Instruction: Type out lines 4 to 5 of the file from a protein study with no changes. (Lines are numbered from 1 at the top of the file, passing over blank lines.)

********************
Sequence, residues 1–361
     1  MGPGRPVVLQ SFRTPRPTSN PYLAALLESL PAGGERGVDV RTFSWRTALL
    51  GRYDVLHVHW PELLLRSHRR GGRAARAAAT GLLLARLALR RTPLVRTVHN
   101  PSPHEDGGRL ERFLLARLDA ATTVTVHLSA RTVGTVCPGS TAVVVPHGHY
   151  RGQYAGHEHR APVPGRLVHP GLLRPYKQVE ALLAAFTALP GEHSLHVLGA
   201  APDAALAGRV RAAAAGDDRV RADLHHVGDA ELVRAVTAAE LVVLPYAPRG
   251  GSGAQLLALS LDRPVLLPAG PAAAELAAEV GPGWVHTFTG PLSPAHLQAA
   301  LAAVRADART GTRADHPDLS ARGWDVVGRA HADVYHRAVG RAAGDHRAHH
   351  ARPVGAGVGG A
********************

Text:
   101  PSPHEDGGRL ERFLLARLDA ATTVTVHLSA RTVGTVCPGS TAVVVPHGHY
   151  RGQYAGHEHR APVPGRLVHP GLLRPYKQVE ALLAAFTALP GEHSLHVLGA